State Limousine 2002: On the 50th anniversary of the Queen’s accession to the throne, Bentley presented Her Majesty with a new State Limousine. It may have seemed like a rather lovely present but was actually the PR coup of the decade, stealing the business of transporting the Monarch to state occasions from right under Rolls-Royce’s nose.

Brooklands 2006: Not to be confused with the Brooklands saloon of 1992, this was the Brooklands coupé and, to my way of thinking, the closest the firm has come in recent years to capturing the spirit of the Bentley boys. Fast, sleek and surprisingly easy to drift, it was a car to be driven by cads, bounders and gentlemen jewel thieves. Or at least that’s always how I looked at it. A shame, then, that the company never got around to building a coupé version of the current Mulsanne.


Updated 2020 Bentley Bentayga to feature revamped design

Bentley plots £1.5m ultra-exclusive open-top sports tourer

Bentley Bentayga gets four-seat and seven-seat options

News, 7 Dec 2019 06:01:22 +0000
Mercedes-Benz SLC Final Edition: prices revealed for run-out special Mercedes-Benz SLC final edition official press - hero front Based on AMG Line trim, the end-of-the-line model celebrates 23 years of the innovative two-seat roadster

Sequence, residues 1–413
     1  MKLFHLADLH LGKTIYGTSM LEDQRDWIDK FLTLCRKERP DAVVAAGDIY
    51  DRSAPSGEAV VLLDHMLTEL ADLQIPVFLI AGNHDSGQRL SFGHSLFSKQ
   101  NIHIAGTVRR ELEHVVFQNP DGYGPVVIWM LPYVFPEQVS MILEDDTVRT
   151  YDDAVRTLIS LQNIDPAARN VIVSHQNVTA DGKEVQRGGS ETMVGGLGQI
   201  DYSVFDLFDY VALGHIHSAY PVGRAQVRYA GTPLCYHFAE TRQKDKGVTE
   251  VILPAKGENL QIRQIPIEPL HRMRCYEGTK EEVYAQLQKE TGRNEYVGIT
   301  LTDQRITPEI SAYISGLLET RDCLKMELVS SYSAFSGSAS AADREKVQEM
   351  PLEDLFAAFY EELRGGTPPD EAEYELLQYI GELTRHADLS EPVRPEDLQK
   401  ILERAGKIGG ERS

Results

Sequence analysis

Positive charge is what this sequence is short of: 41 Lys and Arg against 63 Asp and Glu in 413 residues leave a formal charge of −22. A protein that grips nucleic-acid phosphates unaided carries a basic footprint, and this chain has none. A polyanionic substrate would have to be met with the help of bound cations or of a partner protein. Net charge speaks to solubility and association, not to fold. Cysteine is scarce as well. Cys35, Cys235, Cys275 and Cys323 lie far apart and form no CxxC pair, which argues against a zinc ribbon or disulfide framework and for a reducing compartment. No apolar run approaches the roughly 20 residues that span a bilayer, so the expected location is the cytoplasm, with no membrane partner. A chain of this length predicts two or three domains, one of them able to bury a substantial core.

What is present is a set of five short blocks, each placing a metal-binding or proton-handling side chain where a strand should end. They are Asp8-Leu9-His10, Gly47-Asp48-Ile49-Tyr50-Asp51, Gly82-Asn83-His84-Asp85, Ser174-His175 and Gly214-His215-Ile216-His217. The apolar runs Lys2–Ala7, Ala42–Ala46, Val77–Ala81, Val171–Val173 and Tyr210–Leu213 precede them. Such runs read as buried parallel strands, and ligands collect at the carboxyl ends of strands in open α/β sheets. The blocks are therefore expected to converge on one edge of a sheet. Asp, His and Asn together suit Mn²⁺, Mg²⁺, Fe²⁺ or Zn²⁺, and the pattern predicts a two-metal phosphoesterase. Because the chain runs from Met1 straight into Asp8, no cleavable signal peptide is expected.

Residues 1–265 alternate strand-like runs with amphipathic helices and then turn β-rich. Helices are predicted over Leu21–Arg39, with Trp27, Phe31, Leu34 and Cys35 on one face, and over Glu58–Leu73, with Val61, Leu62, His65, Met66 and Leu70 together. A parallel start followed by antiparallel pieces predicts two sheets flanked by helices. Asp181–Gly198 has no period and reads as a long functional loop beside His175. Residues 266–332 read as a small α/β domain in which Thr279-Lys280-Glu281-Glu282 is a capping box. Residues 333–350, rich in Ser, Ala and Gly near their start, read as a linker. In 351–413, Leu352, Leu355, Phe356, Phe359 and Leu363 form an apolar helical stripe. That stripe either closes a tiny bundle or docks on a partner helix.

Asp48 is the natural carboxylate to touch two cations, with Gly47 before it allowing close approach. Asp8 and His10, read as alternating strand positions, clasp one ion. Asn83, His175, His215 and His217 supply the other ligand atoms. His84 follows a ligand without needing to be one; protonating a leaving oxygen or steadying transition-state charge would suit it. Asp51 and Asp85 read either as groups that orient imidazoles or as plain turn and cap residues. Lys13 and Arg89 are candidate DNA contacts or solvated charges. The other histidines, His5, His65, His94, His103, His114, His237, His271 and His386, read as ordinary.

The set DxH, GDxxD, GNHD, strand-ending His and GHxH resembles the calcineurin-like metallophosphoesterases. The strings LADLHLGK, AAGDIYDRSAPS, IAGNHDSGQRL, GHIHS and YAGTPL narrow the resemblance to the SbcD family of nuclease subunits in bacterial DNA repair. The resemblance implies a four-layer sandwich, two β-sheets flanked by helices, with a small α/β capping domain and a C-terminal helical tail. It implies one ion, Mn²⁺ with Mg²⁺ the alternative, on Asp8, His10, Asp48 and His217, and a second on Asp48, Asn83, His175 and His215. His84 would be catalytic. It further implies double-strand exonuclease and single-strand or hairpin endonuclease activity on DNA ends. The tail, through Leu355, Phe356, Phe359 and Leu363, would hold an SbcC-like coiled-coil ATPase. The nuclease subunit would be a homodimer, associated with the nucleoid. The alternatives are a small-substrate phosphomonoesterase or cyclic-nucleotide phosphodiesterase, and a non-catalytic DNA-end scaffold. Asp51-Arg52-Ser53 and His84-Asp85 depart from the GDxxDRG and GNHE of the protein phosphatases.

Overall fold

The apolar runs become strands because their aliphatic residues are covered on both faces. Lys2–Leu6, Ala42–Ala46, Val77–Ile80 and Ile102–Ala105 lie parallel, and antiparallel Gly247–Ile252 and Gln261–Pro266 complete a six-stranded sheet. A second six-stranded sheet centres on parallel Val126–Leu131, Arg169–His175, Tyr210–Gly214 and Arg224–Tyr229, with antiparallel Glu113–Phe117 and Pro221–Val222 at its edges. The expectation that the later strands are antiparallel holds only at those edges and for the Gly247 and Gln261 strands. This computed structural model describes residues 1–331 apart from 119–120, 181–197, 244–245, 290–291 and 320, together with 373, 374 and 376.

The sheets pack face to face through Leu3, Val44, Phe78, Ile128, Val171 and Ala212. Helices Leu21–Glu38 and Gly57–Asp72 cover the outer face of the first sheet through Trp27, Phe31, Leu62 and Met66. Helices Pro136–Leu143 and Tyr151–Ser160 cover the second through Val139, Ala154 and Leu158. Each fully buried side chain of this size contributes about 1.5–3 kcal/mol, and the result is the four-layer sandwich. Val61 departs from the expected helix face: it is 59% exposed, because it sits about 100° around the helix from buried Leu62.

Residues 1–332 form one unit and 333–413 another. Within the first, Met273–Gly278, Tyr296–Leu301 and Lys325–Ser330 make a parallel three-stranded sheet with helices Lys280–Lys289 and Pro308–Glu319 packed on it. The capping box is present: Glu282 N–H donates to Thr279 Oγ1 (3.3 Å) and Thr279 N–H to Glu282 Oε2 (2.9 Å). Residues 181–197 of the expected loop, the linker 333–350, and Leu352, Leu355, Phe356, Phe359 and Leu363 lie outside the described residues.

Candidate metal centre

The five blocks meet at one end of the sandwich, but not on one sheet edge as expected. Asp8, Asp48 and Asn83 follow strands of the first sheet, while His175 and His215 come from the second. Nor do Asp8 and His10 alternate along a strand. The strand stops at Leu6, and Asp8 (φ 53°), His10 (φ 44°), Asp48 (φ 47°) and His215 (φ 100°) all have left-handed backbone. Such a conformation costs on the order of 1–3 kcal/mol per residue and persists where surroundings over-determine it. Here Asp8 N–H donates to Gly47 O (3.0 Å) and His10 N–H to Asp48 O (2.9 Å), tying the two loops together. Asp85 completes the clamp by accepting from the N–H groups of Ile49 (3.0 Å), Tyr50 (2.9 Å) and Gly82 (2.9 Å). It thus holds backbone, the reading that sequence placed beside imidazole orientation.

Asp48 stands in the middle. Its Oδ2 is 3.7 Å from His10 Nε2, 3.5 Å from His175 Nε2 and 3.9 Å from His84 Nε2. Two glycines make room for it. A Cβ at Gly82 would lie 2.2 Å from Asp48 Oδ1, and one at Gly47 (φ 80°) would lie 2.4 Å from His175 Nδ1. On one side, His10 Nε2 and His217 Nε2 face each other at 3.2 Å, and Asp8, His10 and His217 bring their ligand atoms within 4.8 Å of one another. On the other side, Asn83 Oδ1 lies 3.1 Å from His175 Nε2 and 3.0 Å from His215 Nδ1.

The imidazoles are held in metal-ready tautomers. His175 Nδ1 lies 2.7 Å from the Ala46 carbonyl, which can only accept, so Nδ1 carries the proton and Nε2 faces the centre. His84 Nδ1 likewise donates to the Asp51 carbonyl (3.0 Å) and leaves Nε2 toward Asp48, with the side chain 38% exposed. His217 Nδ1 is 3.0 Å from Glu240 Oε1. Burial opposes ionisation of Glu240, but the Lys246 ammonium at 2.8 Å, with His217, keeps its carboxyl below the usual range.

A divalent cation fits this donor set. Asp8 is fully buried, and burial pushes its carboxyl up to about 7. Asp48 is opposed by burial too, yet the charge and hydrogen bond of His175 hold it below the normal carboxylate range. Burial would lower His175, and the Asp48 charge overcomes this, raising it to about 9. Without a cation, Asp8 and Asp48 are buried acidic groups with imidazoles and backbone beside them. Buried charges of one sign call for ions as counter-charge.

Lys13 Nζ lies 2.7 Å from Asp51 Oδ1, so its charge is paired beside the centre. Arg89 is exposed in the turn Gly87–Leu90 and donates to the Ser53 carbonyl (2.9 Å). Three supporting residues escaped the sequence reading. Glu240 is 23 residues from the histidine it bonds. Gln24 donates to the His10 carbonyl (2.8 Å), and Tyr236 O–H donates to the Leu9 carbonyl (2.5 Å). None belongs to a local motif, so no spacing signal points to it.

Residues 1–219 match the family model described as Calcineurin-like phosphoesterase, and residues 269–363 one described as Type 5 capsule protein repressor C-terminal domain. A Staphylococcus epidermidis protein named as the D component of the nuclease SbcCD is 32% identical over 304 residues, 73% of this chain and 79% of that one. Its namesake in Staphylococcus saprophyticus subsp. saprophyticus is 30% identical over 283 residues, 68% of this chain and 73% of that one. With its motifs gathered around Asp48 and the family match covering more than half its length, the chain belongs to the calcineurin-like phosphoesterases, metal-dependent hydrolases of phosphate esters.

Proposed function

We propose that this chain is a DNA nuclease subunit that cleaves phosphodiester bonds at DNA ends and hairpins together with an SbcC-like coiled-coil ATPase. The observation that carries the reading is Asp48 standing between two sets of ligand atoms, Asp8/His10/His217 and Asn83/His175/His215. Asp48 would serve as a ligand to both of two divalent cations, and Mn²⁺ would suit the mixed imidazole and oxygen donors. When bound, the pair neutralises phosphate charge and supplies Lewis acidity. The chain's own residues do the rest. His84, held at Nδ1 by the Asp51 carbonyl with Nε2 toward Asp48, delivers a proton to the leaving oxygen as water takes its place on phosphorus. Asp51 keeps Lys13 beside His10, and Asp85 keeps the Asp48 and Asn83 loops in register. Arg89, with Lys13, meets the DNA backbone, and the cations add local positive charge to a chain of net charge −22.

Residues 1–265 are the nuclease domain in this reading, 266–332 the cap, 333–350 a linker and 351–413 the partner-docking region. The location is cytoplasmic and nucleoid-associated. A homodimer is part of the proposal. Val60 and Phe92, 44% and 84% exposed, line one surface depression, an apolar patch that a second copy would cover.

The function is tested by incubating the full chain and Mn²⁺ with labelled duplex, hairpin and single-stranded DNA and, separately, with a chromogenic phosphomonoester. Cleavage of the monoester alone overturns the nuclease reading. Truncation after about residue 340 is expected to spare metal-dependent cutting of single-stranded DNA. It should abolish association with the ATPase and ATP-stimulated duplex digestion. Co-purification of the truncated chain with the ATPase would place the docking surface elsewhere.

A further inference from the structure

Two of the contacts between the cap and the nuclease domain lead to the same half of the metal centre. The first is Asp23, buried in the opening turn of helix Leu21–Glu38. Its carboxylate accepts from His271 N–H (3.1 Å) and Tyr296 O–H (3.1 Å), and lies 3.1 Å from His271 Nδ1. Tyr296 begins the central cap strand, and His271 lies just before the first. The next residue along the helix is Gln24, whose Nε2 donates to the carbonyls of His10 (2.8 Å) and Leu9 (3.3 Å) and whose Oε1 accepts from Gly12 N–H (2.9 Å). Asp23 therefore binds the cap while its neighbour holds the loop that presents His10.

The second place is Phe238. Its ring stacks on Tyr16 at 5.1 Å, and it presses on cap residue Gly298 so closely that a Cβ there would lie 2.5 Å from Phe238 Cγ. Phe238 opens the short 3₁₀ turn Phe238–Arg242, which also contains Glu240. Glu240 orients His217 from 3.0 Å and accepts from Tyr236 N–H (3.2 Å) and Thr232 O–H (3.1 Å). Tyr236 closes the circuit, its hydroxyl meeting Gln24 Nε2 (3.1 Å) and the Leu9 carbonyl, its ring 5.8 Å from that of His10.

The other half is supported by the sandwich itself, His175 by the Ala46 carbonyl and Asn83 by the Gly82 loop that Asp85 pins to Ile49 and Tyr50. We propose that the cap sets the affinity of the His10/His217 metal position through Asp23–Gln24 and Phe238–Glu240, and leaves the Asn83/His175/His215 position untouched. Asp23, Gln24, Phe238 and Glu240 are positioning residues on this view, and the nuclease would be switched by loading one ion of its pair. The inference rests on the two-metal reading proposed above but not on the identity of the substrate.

Mercedes-Benz has revealed prices for its SLC Final Edition, the run-out special of the roadster before production ends early next year. 

The celebratory SLC Final Edition is offered with the choice of three petrol engines in the UK: a 181bhp 2.0-litre four-cylinder in the SLC 200 and a 242bhp 2.0-litre four-cylinder in the SLC 300, plus the flagship 387bhp AMG SLC43.

Prices start from £37,120, £40,916 and £49,855 respectively. Deliveries will begin in the Spring.

The last ever SLC is launched 23 years after the two-seat roadster first made its public premiere, badged as the SLK, ushering in a new folding hard-top roof structure that was subsequently emulated by many other car makers.


Without plans for a successor model, Mercedes-Benz is marking the end of production for the SLC by offering a special optional yellow paint finish alongside the standard black and grey options. This replicates one of the colours used to launch the original SLK.

The Final Edition is based on the existing AMG Line model but gains uniquely styled bumpers, 18in five-spoke alloy wheels and a lavishly equipped interior with, among other previously optional features, Airscarf neck heaters as standard. A Harmon Kardon sound sustem is only offered in the SLC43. 

The C-Class-based roadster was produced in three model generations over its 23-year life span. The original R170-designated model was launched at the 1996 Paris motor show. It was succeeded by the R171, launched at the Geneva motor show in 2004, and then today's R172 went on sale in 2011. It was known as the SLK until its 2016 facelift.

Combined global sales of the SLK and SLC total more than 710,000, according to Mercedes-Benz.

Read more

Used car buying guide: Mercedes-Benz SLK​

Mercedes-AMG SLC 43 review​

Mercedes-Benz GLC 300 4Matic EQ Boost 2019 prototype review​